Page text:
Phenotypic and Functional Characterization of Human Memory T Cell Responses to to Burkholderia pseudomallei

Tippayawat, P; Saenwongsa, W; Mahawantung, J; Suwannasaen, D; Chetchotisakd, P; Limmathurotsakul, D; Peacock, SJ; Felgner, PL; Atkins, HS; Titball, RW; Bancroft, GJ; Lertmemongkolchai, G; (2009) Phenotypic and Functional Characterization of Human Memory T Cell Responses to to Burkholderia pseudomallei. PLoS neglected tropical diseases, 3 (4). ISSN 1935-2727 DOI:

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Background: Infection with the Gram-negative bacterium Burkholderia pseudomallei is an important cause of community-acquired lethal sepsis in endemic regions in southeast Asia and northern Australia and is increasingly reported in other tropical areas. In animal models, production of interferon-gamma (IFN-gamma) is critical for resistance, but in humans the characteristics of IFN-gamma production and the bacterial antigens that are recognized by the cell-mediated immune response have not been defined. Methods: Peripheral blood from 133 healthy individuals who lived in the endemic area and had no history of melioidosis, 60 patients who had recovered from melioidosis, and 31 other patient control subjects were stimulated by whole bacteria or purified bacterial proteins in vitro, and IFN-gamma responses were analyzed by ELISPOT and flow cytometry. Findings: B. pseudomallei was a potent activator of human peripheral blood NK cells for innate production of IFN-gamma. In addition, healthy individuals with serological evidence of exposure to B. pseudomallei and patients recovered from active melioidosis developed CD4(+) (and CD8(+)) T cells that recognized whole bacteria and purified proteins LolC, OppA, and PotF, members of the B. pseudomallei ABC transporter family. This response was primarily mediated by terminally differentiated T cells of the effector-memory (T-EMRA) phenotype and correlated with the titer of anti-B. pseudomallei antibodies in the serum. Conclusions: Individuals living in a melioidosis-endemic region show clear evidence of T cell priming for the ability to make IFN-gamma that correlates with their serological status. The ability to detect T cell responses to defined B. pseudomallei proteins in large numbers of individuals now provides the opportunity to screen candidate antigens for inclusion in protein or polysaccharide-conjugate subunit vaccines against this important but neglected disease.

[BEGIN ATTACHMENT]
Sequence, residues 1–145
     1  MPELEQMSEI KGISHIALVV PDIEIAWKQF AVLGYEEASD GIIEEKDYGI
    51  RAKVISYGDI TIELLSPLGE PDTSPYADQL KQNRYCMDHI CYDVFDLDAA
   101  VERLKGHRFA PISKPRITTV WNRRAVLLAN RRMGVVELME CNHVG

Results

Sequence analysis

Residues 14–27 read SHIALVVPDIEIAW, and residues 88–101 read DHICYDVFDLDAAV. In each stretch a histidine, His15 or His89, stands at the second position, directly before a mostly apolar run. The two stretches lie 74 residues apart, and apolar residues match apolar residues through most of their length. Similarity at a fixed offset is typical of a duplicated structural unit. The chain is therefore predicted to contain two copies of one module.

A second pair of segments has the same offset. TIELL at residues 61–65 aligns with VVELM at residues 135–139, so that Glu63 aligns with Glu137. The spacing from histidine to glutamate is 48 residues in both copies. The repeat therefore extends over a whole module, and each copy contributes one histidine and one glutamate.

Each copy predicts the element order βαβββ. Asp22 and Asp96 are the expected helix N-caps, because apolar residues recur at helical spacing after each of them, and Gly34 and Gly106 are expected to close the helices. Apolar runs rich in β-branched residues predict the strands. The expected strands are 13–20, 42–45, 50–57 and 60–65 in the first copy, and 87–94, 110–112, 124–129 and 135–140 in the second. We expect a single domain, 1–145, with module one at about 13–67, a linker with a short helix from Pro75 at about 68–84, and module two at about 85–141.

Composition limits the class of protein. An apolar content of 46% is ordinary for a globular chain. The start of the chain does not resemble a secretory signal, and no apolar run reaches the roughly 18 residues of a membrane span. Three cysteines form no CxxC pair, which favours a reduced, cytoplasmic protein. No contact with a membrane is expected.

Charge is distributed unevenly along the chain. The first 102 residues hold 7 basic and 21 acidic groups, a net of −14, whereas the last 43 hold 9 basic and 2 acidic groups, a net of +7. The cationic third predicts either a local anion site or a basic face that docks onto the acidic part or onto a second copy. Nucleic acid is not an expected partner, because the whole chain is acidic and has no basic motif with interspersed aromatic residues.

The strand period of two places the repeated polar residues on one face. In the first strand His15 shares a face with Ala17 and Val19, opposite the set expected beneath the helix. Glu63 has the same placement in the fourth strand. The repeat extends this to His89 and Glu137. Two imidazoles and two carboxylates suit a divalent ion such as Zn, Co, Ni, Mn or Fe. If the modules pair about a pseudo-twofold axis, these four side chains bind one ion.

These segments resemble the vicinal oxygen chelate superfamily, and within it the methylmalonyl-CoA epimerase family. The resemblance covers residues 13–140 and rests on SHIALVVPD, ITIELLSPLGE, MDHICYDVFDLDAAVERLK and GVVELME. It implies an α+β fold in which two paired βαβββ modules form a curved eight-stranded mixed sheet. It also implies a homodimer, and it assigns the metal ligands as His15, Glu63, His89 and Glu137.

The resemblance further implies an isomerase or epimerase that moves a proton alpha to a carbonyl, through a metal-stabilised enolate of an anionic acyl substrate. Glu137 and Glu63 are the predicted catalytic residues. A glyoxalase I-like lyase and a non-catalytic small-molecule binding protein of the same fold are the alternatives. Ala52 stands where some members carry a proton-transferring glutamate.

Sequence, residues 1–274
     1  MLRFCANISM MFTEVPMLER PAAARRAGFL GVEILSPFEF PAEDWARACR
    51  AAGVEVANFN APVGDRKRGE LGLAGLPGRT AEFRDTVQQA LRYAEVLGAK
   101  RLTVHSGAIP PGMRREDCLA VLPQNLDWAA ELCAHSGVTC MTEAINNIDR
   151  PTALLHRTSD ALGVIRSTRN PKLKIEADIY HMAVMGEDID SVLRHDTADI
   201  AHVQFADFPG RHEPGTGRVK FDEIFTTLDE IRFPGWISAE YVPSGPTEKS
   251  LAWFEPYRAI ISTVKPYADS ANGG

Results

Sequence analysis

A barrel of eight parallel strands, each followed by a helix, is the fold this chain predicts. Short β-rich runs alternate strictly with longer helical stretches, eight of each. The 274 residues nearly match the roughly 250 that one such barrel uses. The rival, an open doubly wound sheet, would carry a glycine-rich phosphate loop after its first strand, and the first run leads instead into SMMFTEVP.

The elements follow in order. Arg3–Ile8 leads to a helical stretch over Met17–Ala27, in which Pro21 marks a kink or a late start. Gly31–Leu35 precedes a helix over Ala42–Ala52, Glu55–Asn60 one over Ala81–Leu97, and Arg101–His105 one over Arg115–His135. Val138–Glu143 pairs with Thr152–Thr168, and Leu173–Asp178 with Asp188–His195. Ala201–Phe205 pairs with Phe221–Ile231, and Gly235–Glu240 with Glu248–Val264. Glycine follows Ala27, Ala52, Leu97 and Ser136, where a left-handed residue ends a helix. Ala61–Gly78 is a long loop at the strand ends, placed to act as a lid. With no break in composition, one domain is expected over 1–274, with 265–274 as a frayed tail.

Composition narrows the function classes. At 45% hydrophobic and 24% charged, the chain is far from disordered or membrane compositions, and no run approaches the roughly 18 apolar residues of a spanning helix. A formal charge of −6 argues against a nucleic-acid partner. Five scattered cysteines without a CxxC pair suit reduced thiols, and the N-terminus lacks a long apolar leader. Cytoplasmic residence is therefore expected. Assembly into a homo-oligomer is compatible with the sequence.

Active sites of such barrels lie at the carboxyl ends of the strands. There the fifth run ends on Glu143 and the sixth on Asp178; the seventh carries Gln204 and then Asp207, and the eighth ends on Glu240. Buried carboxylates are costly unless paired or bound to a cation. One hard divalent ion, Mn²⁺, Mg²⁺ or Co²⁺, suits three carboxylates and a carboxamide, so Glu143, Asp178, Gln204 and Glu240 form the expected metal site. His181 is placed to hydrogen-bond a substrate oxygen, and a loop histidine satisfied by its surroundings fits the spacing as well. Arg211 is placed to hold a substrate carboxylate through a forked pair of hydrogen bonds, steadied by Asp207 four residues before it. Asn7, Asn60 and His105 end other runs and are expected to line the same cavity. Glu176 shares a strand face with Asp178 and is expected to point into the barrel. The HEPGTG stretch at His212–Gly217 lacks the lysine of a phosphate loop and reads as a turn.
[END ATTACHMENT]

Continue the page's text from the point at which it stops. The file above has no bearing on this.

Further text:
Item Type: Article
Faculty and Department: Faculty of Infectious and Tropical Diseases > Dept of Immunology and Infection
Faculty of Infectious and Tropical Diseases > Dept of Pathogen Molecular Biology
PubMed ID: 19352426
Web of Science ID: 265537000004


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